This is the very thing that swung me from being a longtime Republican, to an independent, to a left-leaning independent. One party wrapped their candidate in the flag, and refused to take questions. The other took positions, proposed fixes, and ran on the slogan “It’s the economy”. I looked at a do-nothing party, and a party that had ideas to fix real problems (and the solutions seemed to be valid), and the choice was easy. I hope the rest of American that currently votes Republican takes a look at this and comes to their senses.

Pickles, Moore, OK

26 February 2014

Pickles on Urbanspoon

I’ve driven by Pickles a couple hundred times, but never tried it until today. I drove by headed back to work this afternoon.

I had the deluxe double, which is a two-thirds pound burger with bacon and cheese; double everything. It was on an unusual bread, I think an egg bun? There was a lot of cheese, and there were five slices of bacon (cooked to a perfect crispness). The burger was pretty darn good. It was cooked with a nice crust on it, and it had decent flavor. But… the flavor had an odd (but not unpleasant) taste. I wonder if it had some unusual seasoning salt or something similar.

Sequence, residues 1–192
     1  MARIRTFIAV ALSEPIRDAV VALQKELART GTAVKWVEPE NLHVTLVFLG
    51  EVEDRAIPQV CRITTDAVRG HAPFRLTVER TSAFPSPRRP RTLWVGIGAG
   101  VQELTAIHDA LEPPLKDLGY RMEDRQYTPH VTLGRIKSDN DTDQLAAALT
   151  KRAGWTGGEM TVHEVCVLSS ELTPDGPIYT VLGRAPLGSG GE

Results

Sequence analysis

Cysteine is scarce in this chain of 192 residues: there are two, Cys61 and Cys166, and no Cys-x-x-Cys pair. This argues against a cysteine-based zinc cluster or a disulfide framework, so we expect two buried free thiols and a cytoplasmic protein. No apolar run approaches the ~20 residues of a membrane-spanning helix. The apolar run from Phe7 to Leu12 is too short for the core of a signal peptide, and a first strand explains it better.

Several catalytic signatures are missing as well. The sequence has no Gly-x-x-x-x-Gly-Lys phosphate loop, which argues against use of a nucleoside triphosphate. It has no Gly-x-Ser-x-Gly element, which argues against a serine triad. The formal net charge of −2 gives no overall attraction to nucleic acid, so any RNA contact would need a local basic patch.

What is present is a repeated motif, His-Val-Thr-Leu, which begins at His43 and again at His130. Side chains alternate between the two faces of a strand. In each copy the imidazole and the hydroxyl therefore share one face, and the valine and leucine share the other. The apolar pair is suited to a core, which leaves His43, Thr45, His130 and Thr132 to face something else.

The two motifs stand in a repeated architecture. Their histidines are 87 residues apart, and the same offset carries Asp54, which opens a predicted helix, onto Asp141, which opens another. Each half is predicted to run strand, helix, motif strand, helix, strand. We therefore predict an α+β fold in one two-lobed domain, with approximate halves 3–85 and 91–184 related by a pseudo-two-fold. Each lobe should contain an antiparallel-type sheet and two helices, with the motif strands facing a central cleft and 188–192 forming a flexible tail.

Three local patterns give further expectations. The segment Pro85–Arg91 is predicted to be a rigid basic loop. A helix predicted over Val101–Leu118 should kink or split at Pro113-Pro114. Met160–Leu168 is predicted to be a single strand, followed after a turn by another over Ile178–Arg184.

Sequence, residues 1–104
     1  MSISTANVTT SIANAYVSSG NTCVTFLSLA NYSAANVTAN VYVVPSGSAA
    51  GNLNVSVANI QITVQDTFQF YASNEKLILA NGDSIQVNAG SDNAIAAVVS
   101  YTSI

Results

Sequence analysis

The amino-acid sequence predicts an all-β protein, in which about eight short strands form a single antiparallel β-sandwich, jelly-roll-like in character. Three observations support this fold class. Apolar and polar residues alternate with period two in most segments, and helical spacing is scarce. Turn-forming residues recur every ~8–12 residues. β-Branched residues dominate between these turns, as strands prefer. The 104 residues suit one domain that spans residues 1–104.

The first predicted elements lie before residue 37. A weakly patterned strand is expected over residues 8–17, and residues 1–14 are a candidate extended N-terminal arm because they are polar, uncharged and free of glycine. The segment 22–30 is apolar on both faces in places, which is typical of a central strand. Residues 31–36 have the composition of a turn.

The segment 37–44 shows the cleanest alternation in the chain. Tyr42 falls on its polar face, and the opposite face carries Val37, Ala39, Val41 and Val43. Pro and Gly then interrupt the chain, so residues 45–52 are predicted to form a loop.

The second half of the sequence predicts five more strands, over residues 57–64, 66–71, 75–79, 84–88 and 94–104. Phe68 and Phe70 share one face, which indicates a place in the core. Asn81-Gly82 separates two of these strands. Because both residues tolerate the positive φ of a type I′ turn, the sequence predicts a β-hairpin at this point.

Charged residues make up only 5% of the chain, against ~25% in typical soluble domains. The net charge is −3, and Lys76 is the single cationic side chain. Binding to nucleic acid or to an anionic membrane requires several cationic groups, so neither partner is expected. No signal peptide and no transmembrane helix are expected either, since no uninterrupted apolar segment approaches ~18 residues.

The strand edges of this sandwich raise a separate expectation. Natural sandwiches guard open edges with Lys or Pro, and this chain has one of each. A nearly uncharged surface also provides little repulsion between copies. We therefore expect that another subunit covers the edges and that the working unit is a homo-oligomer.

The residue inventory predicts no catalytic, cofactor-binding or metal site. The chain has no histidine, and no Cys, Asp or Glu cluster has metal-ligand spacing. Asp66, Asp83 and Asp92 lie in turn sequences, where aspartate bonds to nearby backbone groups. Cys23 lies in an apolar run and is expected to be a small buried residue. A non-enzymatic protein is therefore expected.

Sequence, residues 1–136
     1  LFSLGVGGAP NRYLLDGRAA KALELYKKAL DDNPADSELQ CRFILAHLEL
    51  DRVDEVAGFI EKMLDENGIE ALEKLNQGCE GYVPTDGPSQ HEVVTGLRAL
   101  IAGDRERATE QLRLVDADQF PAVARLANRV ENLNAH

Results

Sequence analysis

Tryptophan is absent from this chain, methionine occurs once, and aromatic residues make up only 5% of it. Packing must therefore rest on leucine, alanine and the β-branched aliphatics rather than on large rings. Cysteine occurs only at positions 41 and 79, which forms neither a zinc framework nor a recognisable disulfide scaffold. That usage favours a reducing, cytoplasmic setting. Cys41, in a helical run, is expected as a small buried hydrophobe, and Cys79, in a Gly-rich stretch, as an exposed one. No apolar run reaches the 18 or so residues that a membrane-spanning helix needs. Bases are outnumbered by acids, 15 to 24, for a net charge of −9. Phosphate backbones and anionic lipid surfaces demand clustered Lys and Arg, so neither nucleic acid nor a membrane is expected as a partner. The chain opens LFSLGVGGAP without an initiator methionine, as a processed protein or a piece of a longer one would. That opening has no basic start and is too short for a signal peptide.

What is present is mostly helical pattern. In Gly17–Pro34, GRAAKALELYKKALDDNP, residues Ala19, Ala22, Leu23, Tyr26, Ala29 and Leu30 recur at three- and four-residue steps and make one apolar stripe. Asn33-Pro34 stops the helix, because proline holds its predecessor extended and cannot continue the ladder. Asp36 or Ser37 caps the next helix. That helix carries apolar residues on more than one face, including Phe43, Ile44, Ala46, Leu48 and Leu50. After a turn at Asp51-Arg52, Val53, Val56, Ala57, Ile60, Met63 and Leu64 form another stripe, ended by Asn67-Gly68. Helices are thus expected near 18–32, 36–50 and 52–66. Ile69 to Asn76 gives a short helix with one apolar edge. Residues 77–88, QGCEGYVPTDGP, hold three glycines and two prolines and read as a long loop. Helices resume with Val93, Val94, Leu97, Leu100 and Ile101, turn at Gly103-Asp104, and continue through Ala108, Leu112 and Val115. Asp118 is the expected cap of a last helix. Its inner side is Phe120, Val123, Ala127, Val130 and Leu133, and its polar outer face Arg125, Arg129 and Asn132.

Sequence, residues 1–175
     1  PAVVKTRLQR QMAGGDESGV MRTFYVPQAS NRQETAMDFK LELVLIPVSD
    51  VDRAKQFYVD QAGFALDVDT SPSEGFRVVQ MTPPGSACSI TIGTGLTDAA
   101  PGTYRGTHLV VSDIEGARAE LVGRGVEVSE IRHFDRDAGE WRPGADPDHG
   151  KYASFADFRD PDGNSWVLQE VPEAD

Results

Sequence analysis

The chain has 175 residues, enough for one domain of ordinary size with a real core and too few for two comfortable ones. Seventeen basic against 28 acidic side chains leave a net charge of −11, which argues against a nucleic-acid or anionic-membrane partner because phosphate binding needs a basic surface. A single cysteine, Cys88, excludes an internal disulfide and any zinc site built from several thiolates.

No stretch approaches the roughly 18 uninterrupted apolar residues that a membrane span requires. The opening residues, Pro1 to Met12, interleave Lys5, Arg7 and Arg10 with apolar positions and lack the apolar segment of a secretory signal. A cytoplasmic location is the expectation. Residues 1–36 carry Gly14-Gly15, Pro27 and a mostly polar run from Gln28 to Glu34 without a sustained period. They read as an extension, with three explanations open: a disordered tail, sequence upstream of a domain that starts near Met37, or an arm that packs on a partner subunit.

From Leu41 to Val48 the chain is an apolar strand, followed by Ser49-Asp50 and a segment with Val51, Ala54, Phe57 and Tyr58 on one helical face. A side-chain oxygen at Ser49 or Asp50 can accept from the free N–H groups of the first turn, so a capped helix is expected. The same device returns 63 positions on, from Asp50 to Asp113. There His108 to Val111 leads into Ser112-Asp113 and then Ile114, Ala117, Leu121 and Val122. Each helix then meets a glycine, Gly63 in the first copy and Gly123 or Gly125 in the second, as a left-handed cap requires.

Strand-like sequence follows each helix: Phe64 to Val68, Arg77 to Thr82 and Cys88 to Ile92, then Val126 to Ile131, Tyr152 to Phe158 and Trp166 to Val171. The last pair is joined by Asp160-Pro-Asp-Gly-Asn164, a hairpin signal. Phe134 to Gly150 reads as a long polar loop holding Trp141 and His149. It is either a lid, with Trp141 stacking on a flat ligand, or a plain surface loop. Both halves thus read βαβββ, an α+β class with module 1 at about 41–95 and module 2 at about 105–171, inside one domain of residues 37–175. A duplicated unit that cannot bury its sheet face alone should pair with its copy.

I had fries with the burger, and they were very good. The iced tea was excellent. Service was perfect. My check was $10.24. I wouldn’t mind going back.

BTW, the restaurant is in a former BK or something similar. I don’t usually comment on interiors (unless it’s nasty), but the restaurant was nicely appointed in wood and (I think) brass. The booth I sat in had plenty of room.

Venezia Italian Ristorante, Oklahoma City, OK

24 February 2014

Venezia Italian Ristorante on Urbanspoon

Had lunch here today with Raegan and Erin, it was great!

I had spaghetti the works. Simply outstanding. The meat sauce was just the right thickness, and it was the right amount for the mass of noodles, and the meat balls were excellent. Raegan and Erin had chicken parm, and it was also very good. We all had salads with caesar dressing that was very good (the dressing was on the side instead of being tossed with the lettuce), and the bread was hot and went well with the marinara and al fredo we ordered.

Service was pretty good, and our check was $62.75 (that might seem high for three people, but the marinara and al fredo for the bread was an extra $6 [oh so worth it, yum!], Erin got some fried cheese for another $7, and Raegan got a piece of cake for $5).